Schneider Regional Medical Center: Angela Rennalls-Atkinson, Interim Chief Executive Officer and Chief Operating Officer

by HCE Exchange on October 21, 2013

(Editor’s Note: Since this interview was conducted, Schneider Regional Medical Center has hired a full-time chief executive officer, Bernard A. Wheatley, D.B.A., FACHE.)

Angela-Rennalls-Atkinson-thumbThe plight of rural healthcare in the United States is frequently and rightfully discussed. What’s often missing from the conversation, however, are hospitals that are classified as urban facilities, but are actually serving a patient population whose make-up is more rural.

A good case in point is Schneider Regional Medical Center, a three-facility system that provides healthcare to the residents of the U.S. Virgin Islands and the Caribbean.

Its facilities include the 169-bed Joint Commission-certified acute-care Roy Lester Schneider Hospital, the Charlotte Kimelman Cancer Institute in St. Thomas, and its ambulatory care facility, the Myrah Keating Smith Community Health Center, on St. John.

In discussing the difficulties Schneider has in keeping pace with the changing healthcare paradigm, Angela Rennalls-Atkinson, interim chief executive officer and chief operating officer, emphasized two characteristics of Schneider’s care team: its genuinely united teamwork and its focus on patient care.

A collaboration of care

Schneider Regional Medical Center works in close collaboration with the local Department of Health and Human Services and other government entities to ensure that the services the system is providing are as comprehensive as possible.

With its partners, Schneider takes into account the many patients in its service areas who cannot afford care. At the forefront of discussions is how to manage those patients.

Rennalls-Atkinson said Schneider is currently facing two challenges that directly affect these discussions: financial constraints and aging infrastructure.

“We really don’t have capital to meet all infrastructure upgrades and the regulatory requirements for affordable care,” she said. “We maintain equipment in excellent working condition to help decrease unnecessary capital expenditures.”

Fundraising, unfortunately, decreased in the last year, as the decline in the U.S. economy affected some of Schneider’s key supporters. This is a blow to the organization, since Schneider is faced with IT requirements to comply with Meaningful Use standards.

“Our medical records are not fully electronic throughout the center,” she said. “A portion of the medical record is in paper format, which is something we know we have to improve to meet CMS requirements.”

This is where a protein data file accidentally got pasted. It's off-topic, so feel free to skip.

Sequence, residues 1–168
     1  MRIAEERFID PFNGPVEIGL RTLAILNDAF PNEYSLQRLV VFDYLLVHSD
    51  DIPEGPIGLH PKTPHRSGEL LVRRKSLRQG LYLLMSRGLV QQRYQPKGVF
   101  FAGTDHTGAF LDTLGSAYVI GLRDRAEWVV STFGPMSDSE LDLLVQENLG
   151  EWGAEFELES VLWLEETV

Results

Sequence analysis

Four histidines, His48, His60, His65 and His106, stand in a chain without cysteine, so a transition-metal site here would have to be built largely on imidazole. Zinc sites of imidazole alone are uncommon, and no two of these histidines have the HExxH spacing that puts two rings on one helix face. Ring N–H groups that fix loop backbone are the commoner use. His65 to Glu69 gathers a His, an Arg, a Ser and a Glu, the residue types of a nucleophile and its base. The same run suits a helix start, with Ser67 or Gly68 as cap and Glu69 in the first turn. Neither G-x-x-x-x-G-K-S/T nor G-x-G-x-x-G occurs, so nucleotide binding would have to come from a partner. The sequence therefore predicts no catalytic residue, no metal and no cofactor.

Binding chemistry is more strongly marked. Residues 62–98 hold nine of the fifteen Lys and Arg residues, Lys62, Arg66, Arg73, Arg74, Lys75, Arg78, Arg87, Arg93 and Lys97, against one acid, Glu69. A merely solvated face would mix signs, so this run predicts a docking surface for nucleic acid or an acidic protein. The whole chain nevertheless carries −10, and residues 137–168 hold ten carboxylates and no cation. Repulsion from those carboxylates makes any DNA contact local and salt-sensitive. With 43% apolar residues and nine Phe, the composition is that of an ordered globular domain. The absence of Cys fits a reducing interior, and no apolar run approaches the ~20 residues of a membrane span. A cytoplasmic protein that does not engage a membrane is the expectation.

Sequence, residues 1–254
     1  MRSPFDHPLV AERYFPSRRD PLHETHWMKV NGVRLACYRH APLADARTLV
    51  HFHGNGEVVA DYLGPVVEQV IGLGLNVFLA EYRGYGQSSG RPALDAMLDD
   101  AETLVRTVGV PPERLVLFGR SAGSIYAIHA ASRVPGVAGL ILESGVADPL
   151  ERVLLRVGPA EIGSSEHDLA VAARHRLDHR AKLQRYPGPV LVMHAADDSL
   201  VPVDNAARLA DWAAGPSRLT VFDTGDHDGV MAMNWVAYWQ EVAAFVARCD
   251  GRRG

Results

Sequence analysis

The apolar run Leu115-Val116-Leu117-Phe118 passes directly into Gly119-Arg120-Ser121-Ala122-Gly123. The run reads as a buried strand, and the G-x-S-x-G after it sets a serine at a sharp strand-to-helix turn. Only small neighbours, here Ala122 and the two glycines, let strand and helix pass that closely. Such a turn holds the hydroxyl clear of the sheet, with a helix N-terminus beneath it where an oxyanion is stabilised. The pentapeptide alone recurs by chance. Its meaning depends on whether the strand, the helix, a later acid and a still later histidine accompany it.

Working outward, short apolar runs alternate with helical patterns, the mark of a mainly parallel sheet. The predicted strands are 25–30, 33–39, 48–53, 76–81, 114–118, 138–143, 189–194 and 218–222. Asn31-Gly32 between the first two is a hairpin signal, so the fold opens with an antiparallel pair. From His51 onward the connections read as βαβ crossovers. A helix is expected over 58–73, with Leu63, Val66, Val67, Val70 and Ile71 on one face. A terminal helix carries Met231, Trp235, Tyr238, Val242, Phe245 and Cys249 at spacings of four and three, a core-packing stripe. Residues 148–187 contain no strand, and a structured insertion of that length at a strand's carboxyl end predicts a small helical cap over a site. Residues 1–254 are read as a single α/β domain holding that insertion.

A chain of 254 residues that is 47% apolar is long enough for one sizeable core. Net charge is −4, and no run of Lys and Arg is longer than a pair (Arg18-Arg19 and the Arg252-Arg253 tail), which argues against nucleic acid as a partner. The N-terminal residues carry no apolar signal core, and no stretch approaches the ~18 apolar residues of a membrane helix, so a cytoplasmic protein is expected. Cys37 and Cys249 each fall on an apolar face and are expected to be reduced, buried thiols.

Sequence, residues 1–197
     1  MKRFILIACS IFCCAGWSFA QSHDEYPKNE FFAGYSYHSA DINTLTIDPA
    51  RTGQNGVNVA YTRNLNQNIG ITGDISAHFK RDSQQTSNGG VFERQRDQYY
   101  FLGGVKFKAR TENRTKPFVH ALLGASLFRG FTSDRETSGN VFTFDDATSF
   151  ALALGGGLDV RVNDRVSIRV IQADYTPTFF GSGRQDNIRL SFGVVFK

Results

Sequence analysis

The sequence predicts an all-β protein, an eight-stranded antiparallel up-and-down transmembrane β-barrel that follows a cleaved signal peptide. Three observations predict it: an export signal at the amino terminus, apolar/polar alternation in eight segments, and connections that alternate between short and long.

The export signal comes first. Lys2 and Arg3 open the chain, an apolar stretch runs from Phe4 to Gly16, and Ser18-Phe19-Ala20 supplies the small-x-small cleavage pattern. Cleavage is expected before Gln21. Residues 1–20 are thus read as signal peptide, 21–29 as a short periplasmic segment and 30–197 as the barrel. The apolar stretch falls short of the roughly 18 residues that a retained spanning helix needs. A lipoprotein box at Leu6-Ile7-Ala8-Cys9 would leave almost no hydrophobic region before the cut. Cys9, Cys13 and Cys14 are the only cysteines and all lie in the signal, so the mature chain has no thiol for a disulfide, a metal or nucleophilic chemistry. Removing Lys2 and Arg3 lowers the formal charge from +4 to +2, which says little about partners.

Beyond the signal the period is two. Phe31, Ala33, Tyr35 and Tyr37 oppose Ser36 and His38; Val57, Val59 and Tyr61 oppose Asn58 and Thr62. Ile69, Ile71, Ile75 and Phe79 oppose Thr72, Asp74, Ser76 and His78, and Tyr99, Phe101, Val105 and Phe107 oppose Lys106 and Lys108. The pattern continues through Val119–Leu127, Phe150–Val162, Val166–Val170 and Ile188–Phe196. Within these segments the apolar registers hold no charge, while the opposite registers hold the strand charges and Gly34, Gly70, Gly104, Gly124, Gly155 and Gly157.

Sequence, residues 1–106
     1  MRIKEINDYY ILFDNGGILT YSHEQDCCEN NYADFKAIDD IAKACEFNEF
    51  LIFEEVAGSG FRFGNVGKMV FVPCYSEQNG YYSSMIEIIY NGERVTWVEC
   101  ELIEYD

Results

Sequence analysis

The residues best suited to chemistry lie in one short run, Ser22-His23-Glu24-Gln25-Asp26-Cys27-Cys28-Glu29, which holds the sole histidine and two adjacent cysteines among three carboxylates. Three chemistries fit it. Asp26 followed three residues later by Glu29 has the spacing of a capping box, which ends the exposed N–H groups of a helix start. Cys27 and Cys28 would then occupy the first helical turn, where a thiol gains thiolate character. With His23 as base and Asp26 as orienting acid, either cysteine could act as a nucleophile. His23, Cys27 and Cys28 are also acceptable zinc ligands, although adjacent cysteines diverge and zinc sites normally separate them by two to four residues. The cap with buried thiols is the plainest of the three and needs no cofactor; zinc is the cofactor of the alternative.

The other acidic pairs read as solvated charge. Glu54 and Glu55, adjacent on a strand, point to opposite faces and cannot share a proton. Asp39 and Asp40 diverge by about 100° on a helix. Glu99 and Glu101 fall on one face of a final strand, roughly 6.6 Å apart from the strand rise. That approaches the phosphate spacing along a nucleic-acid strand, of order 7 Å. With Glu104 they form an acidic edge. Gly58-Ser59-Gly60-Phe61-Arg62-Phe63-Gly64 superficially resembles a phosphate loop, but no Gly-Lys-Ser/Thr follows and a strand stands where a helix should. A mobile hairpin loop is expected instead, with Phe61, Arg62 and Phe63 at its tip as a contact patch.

Schneider has started Meaningful Use Stage 1 and is rushing to complete it in order to avoid penalties, but without capital funds, the system must utilize its operating budget to deal with capital expenditures.

As a semi-autonomous government facility, Schneider receives a certain amount of funds from the local government, but it’s less than half of the system’s payroll. Its gross patient revenue is about $140 million, but expenses are, not surprisingly, quite high.

Since the hospital is on a TEFRA payment structure, Medicare reimbursement rates are stuck in the 1980s, when the hospital was built.

Simply put, additional funding is needed to meet expenses. The rub is, Schneider could get additional funding if it were considered a rural facility.

However, one of the criteria used to determine urban or rural status requires a population density of fewer than 1,000 residents per square mile. The density in St. Thomas per 2010 census data is 1,652 residents per square mile.

This high population density affects the categorization of a rural locale, limiting access to some of the available grant funding that is readily administered to other islands or territories.

In the absence of additional funding, Renalls-Atkinson said Schneider is forced to prioritize expenditures that will best help her team coordinate patient care.

“With expenses being so high we are really running a deficit, so it’s very difficult,” she said. “It’s prioritizing so that we can meet the urgent needs of our patients.”

Always focused on the patients

No matter what an organization’s challenges may be, in healthcare, Rennalls-Atkinson said, it’s always about the patients and creating solutions for those challenges that also ensure continued improvement.

“Yes, it’s difficult to run a facility that is unrealistically categorized,” she said, “however, we are meeting and exceeding in our composite scores for core quality measures.”

This is why Schneider continues to look to the future, investing in spite of the obstacles. Right now, the organization is planning on upgrading its gastroenterology and urology services, along with other offerings. New specialists are joining the care team, and the organization is utilizing evidence-based practices. All of these investments are centered on patient safety, which is Schneider’s highest priority.

Why?

Because it’s always about the patients.

“Regardless of our designation, urban or rural, we make attempts to remove obstacles that negatively impact patient care and continue to strive to decrease expenses and increase our revenue,” Renalls-Atkinson said.

Schneider is the only safety-net hospital that provides care to patients in the St. Thomas/St. John district. It has to exist for the community and for the area’s visitors.

“We’re here for our patients,” she said. “As healthcare providers we are focused on our mission to be able to provide that quality comprehensive care that the residents and visitors expect and need.

“Clinical excellence is not an option; it is a requirement.”

-by Pete Fernbaugh

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